Hike Name: Smith Spring Trail
Area: Frijole Ranch
Difficulty Level: Easy
Distance: 2.3 miles round trip
Time Needed: 1 hour
Elevation Start: 5400 feet
Elevation Gain: 390 feet
Best Time to Hike: Any time of year
The Smith Spring Trail is one of the easiest hikes in Guadalupe Mountains National Park.
It’s just a casual two-mile stroll that passes by a couple of natural springs that have been a lifeline for humans in this area for decades, including the region’s Native American residents and the first European settlers.
The Smith Spring Trail encompasses the shorter Manzanita Spring Trail, which is only a half-mile round-trip.
Hiking the Smith Spring Trail
This hike takes place in the Frijole Ranch area of the park. The old ranch here that once provided shelter has been turned into a museum. The ranch is an interesting place to stop, even if you don’t plan on hiking the entire Smith Spring Trail.
Trail Length and Difficulty
The trail is only 2.3 miles for the full loop, and it’s mostly flat, making it possible for everyone, including kids. It is not considered a difficult hike at all.
Alternately, if you want to make the hike even shorter, you can walk the Manzanita Spring Trail, which is the first section of this trail. It’s just a quarter-mile out and the same distance back.
Best Time to Hike
This is a rare trail at Guadalupe Mountains National Park that can be done any time of year, because it’s short and doesn’t gain much elevation.
The shade and the chill from the cool streams mean that this hike is doable even during the hot summer, as long as you have sufficient water.
Winter is totally fine as well, assuming you’re prepared for cold weather and potentially strong winds.
Trail Description and Highlights
Since this is a loop trail, you can hike it in either direction. I recommend going counter-clockwise. If you do so, you’ll reach Manzanita Spring after only a quarter-mile.
Follow the paved trail to the spring, which resembles a large pond.
The Manzanita Spring Trail is paved and is wheelchair-accessible up to the spring. However… it’s not worth it to visit here if you’re in a wheelchair, because it’s hard to see anything.
Even for me, standing up, I couldn’t see much of the water in Manzanita Spring, because of all the tall grass growing around the pond. In a wheelchair, you won’t be able to see the water at all.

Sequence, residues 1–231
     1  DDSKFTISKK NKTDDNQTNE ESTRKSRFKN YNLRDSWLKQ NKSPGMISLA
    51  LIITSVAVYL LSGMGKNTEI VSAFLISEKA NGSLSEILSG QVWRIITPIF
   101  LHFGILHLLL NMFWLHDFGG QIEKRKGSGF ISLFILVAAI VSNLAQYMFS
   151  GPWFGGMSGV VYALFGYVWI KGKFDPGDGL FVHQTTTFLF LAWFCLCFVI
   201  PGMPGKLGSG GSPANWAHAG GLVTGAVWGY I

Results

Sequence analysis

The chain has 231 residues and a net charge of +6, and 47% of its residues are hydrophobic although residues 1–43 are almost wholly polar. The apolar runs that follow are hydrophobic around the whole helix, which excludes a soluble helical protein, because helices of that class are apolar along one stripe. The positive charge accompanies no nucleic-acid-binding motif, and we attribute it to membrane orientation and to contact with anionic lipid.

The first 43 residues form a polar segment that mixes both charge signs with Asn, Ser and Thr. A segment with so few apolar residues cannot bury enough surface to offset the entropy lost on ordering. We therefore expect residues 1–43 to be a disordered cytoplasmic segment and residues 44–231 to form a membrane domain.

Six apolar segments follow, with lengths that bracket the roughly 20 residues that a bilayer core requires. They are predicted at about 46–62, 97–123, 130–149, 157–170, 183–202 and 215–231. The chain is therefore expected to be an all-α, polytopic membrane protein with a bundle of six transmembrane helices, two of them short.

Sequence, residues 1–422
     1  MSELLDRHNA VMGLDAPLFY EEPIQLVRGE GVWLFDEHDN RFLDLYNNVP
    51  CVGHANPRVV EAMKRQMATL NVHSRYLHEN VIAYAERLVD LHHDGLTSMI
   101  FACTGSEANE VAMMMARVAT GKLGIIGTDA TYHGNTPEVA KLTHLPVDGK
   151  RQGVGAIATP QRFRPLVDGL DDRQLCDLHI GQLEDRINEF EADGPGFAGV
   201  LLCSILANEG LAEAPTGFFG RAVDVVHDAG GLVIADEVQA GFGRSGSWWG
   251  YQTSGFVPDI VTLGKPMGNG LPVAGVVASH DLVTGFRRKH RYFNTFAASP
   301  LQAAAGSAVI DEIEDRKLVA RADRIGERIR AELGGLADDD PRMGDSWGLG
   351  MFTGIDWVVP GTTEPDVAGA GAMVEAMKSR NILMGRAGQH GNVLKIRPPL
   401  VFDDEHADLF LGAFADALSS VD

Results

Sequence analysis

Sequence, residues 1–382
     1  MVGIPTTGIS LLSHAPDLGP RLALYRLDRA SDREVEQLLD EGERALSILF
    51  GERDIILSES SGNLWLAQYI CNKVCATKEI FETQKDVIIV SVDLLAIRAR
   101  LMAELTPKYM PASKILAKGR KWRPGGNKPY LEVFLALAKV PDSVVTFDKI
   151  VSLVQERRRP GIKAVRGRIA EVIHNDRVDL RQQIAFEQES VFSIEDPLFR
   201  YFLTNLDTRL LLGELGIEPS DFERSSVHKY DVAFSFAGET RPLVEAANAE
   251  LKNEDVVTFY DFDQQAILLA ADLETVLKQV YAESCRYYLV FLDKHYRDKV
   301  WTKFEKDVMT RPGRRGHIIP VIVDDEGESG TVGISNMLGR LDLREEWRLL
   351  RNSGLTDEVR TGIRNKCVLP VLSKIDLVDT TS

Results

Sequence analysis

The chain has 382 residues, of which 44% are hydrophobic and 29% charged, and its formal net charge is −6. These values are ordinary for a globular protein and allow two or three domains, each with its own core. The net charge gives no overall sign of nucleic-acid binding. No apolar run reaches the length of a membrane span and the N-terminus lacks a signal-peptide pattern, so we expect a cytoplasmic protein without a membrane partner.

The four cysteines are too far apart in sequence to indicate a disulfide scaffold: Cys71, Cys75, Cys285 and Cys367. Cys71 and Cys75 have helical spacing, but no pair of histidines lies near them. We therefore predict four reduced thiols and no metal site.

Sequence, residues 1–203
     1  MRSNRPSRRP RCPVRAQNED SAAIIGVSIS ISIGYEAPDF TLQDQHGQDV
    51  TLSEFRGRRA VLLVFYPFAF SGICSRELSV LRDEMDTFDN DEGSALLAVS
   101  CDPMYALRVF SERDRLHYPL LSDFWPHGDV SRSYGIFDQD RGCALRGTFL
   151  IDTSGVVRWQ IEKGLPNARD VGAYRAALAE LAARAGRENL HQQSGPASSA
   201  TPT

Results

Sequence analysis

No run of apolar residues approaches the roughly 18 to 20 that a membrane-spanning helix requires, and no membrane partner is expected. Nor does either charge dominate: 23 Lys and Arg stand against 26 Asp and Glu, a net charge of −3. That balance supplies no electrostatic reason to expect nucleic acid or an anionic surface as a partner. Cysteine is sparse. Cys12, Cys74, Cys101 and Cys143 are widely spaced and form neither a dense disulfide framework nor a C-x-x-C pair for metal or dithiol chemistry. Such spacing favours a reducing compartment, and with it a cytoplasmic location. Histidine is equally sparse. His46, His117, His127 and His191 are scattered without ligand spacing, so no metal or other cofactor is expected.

This is the best view you can get of Manzanita Spring, and even this requires walking off the sidewalk into the grass:
When you’re ready, proceed past Manzanita Spring as the trail meanders back into sort of a mini-canyon.
This area has more trees and vegetation, and it’s reasonably scenic. It has a few small ups and downs as this section of the park isn’t entirely level.
You’ll finally reach Smith Spring, the pond with a mini-waterfall tucked up against the base of the mountain.
I like Smith Spring better than Manzanita Spring, as the view isn’t blocked, and the mini-waterfall and shaded trees create a peaceful, serene setting.
There’s a little bench at the spring itself where you can sit and rest. An informational sign explains how the water finds its way here from the higher elevations through joins in the limestone.
The cold water that runs through these springs helps sustain life here that couldn’t otherwise exist in the desert.
Expect to see lots of birds in this area! I saw a lot of small birds flying around here. You may want to study the bird list at Guadalupe Mountains National Park, so you’ll know which species you are seeing.
The full walk takes about an hour. Is it worth spending an hour to see such small springs? That depends on how much of a hiker you are.
If you like long, strenuous treks, skip the Smith Spring Trail. If you’re not much of a hiker, but want a small taste of Guadalupe Mountains National Park, then this trail is fine.
It does rank on our list of the top 10 hikes in the park.
Important Things to Know
The first section of the path, all the way to Manzanita Spring, is paved. That makes it one of the few park trails that is wheelchair-accessible. But, as noted, the views on that part of the trail aren’t amazing.
The rest of the Smith Spring Trail is not paved and not accessible.
There’s a short gravel road leading to Frijole Ranch and a gravel parking lot, with some accessible parking spaces and paved sidewalks.
This isn’t one of the most awe-inspiring hikes in the park, so if you’re an experienced hiker who loves outstanding peak views, you may want to skip this one and instead go for Guadalupe Peak, the Tejas Trail to Lost Peak, or the Permian Reef Trail.
The Smith Spring Trail is best for tourists and short-term visitors who are interested in the history of Frijole Ranch or just want a quick taste of the Guadalupe Mountains area.
See our list of important items to take on any desert hike, including a sun hat, trekking poles, and sturdy hiking boots.